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David Kennett
David Kennett, Attorney
Category: Estate Law
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Experience:  25 years practicing attorney
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Massachusetts rental property Not sure if this is an "estate

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Massachusetts rental property

Not sure if this is an "estate law" or "real estate law" question:

I have a mortgage on a rental property (formerly my residence) which I purchased prior to getting married. I am considering adding my wife as a co-owner to ensure a smooth transition in the event of my death. There are 10 years left on the mortgage.

We are "tenants by the entirety" on our residence. Our other assets, accounts, etc, are primarily held separateley. We file our taxes jointly.

Are there any reasons not to add my wife as co-owner of the rental property (e.g. taxes, liability in the event of a tenant lawsuit, etc.)?

All parties/property are in Massachusetts.

Dear askHA12 - It is difficult to predict the future or what possible occurrences may arise. Certainly adding your wife's name with right of survivorship makes it very easy when one of you passes away to transfer the property to the other. That is probably the biggest advantage. I'm not an accountant but I know of no special tax advantage or disadvantage there would be but for that you would have to consult with your tax preparer. The biggest disadvantage would be if you ever got divorced you would lose your right to keep the property as previously owned property. Once the property is commingled it becomes marital property. One other thing you should do if you decide to add her name is XXXXX XXXXX permission from the mortgage company. Generally there is no problem adding or removing a spouse from a deed but technically the mortgage has what is known as a "due on sale clause" meaning any transfer of the deed gives the lender the right to accelerate the mortgage so I always tell everyone to make certain they do not inadvertently violate the due on sale clause and get into a problem with the lender. There can be other issues if you have or do not have a will. If you die without a will then your estate would pass according to the law of intestate succession and your spouse would not automatically inherit the assets, especially if there are children. If you have a will and leave everything to your wife then it would go to her but have to go through probate whereas if the deed is joint with right to survivorship it would pass directly with no need for probate. It's difficult to cover every possibility when the question is asked in a general sense. If there is some specific concern about a possible future event that I have not covered please let me know.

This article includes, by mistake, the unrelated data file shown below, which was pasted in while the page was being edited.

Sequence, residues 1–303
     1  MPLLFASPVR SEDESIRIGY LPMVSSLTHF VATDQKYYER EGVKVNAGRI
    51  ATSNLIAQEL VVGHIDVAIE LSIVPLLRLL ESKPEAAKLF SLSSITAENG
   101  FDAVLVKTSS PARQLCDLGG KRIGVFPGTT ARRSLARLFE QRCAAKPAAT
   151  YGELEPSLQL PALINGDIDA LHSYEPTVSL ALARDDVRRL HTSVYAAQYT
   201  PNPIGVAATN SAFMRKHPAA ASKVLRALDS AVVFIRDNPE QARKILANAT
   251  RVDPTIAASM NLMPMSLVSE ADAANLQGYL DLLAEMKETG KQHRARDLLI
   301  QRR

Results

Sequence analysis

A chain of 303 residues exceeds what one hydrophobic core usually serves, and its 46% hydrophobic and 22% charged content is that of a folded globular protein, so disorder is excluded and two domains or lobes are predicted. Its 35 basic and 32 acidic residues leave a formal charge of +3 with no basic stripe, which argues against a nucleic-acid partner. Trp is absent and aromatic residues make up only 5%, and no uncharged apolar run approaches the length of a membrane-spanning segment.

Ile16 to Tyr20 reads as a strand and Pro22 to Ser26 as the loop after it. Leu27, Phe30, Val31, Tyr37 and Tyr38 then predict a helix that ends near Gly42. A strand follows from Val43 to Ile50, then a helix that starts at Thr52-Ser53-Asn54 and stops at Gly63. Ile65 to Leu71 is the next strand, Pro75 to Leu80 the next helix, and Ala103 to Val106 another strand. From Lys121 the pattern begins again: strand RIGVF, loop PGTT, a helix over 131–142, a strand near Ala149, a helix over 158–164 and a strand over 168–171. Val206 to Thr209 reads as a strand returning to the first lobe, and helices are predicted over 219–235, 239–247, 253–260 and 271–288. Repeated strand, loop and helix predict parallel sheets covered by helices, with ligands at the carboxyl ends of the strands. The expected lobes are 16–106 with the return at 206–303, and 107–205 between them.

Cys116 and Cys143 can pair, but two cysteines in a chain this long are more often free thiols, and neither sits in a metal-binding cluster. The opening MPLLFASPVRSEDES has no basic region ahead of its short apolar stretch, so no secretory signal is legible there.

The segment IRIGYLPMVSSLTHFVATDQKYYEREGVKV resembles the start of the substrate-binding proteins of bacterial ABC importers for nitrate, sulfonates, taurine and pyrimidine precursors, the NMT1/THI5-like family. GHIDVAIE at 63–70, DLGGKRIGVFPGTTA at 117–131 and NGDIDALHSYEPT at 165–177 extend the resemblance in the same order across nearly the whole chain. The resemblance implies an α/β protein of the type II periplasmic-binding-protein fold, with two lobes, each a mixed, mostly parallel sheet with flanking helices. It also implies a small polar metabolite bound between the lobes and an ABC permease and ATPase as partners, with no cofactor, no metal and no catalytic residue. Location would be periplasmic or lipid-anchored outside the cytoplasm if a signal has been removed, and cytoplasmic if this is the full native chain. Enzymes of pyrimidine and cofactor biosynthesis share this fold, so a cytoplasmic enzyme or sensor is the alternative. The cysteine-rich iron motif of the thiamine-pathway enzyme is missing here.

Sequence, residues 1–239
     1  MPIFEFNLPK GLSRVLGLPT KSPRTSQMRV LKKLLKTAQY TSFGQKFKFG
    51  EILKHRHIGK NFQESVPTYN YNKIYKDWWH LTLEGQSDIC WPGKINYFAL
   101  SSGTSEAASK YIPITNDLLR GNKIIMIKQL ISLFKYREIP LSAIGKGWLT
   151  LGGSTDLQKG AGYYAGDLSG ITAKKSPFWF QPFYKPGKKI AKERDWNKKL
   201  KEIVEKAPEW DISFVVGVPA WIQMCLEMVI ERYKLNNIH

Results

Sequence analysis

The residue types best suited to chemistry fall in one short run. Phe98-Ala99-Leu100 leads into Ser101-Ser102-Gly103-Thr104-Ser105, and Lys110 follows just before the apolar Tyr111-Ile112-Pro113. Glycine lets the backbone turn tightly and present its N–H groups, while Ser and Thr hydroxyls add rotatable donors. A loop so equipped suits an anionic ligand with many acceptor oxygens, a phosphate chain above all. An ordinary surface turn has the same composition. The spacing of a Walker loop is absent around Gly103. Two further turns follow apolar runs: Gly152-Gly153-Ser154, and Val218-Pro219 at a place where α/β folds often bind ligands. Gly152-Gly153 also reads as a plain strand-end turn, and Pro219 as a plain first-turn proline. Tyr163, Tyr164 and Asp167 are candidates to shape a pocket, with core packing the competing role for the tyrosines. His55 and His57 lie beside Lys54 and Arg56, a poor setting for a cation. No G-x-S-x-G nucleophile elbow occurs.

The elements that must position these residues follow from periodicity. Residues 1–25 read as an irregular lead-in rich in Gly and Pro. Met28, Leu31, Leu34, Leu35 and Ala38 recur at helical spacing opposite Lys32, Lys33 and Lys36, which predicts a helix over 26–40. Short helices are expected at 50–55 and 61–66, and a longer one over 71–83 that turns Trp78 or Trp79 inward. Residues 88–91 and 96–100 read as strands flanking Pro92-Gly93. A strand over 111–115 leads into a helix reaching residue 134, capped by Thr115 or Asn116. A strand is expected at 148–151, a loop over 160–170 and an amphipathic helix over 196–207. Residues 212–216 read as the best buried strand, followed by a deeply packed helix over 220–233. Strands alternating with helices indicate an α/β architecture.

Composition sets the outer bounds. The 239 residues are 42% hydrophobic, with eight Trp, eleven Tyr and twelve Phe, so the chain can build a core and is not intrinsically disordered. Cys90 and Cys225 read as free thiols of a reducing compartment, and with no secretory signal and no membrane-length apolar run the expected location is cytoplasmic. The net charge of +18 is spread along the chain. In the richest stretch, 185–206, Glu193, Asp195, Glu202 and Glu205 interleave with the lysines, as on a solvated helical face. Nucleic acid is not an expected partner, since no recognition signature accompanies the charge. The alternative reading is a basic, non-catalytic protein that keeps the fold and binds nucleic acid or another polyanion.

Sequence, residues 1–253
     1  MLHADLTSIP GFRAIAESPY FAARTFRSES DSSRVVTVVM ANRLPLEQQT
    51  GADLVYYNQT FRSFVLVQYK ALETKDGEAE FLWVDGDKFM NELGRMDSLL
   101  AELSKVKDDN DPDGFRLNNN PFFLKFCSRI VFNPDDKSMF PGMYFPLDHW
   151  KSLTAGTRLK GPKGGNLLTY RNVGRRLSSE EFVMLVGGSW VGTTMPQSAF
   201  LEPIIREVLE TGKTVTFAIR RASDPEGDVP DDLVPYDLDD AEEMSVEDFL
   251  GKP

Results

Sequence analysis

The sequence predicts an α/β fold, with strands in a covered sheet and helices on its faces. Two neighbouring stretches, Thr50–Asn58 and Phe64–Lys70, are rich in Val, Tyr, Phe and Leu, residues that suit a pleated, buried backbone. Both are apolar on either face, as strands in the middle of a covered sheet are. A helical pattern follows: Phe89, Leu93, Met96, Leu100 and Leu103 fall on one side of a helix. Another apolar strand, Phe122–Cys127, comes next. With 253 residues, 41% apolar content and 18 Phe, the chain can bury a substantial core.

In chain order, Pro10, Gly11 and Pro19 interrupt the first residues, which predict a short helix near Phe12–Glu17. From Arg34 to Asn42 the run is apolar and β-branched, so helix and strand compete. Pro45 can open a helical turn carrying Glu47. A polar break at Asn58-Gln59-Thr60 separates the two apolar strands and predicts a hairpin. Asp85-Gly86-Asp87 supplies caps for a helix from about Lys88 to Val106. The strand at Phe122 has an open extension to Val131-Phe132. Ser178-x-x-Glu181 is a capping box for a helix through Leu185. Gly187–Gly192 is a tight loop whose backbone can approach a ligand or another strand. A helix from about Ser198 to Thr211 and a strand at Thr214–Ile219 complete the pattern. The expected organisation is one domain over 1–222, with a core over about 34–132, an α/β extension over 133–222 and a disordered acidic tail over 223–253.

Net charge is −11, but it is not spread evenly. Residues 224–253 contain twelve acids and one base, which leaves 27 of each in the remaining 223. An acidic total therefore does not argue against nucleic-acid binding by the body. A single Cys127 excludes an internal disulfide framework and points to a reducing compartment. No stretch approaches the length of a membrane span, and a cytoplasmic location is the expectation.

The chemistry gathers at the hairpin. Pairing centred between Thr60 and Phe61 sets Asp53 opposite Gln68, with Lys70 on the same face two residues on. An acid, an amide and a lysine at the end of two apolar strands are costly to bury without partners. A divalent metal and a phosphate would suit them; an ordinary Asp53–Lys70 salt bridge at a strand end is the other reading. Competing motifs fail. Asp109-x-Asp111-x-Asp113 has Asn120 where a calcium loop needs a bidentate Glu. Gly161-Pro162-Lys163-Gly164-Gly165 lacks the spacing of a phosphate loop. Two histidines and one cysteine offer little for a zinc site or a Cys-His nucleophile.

Customer: replied 3 years ago.

Hello David


Thanks for the prompt response.


What about a tenant lawsuit. Do we have any more or less exposure by adding my wife?



There would be more exposure in the fact that your wife could be named in suit. The best protection in that area is to have sufficient insurance since a suit against you would still have a negative effect on your overall financial situation. I always recommend getting an "umbrella" policy. They are relatively inexpensive and cover whatever the property liability doesn't.
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